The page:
Delivered in Plenary 5th July 2000
This report requesting banning the use of phthalates in some PVC children’s toys is flawed in many ways and rests on a dubious legal basis, given that the Chairman of the Scientific Committee for Toxicity, Eco-toxicity and the Environment, Professor Bridges, when he appeared before this Parliament’s Committee on the Environment, Public Health and Consumer Policy on 23rd May, stated: ‘It is hard to see how it’ – the ban – ‘would come under a scientific interpretation of serious and immediate risk’, which is the required criterion for the ban imposed in December.
The Commission seems to have ignored its own scientific committee on the basis that some Member States are imposing their own ban. They are entirely within their rights, of course. Instead I support the development of tests to determine migration limits, and for these to be legislated on in due course, rather than a long-term ban as proposed. It is particularly galling that, of the six named phthalates to be banned, five are not even used for children’s toys and only two are suspected on the basis of unreplicated tests on rats.
I too am concerned for the welfare of small children, but based on reasoning and science, not on emotions. This whole business contrasts markedly with my request for restrictions to be placed on the use of mobile phones by young children, in a formal question to the Commission under the same precautionary principle. This was, of course, refused even though it admitted there was not research evidence on the safety of child use of mobiles and there was some data for adult brain damage in the prolonged use of mobile telephones.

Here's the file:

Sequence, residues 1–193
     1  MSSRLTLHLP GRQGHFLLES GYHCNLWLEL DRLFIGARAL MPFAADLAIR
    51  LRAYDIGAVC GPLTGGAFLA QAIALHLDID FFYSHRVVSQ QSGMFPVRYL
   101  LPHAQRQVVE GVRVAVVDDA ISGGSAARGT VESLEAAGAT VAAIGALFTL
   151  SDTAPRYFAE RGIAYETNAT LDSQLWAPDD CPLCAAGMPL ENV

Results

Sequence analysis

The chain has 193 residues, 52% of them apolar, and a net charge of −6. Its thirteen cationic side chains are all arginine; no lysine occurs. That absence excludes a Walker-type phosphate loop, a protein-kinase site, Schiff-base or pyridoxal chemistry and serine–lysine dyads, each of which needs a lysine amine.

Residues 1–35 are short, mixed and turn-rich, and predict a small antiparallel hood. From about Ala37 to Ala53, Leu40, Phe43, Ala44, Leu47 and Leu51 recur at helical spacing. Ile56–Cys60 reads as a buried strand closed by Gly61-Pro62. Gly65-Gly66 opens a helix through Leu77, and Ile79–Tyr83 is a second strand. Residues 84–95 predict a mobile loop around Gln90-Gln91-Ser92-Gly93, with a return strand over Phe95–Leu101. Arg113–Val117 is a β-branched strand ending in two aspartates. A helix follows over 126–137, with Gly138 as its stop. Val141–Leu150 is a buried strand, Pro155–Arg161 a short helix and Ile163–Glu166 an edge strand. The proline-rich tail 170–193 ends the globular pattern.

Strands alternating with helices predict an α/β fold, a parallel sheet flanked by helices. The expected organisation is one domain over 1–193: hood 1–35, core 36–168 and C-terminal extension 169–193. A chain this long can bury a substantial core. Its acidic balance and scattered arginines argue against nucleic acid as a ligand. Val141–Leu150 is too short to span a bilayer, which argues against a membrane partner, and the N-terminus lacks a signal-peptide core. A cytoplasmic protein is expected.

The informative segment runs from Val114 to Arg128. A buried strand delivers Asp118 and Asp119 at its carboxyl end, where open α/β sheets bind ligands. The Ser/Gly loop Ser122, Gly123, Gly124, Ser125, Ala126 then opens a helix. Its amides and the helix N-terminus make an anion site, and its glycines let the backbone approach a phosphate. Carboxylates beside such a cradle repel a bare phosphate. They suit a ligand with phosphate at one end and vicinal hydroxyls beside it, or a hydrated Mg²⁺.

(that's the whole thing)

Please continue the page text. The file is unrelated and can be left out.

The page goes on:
A recent UK government report has recommended restrictions to child use of mobiles as a developing brain is more sensitive to electromagnetic radiation. We have to face the fact that here in the West brain tumours have risen dramatically by some 100% over the last ten years for totally unknown reasons.
Therefore I call again on the Commission to use the precautionary principle consistently or admit that the whole thing is a politically motivated exercise with powerful commercial interests at play, undermining the precautionary principle and risking turning it into a farce.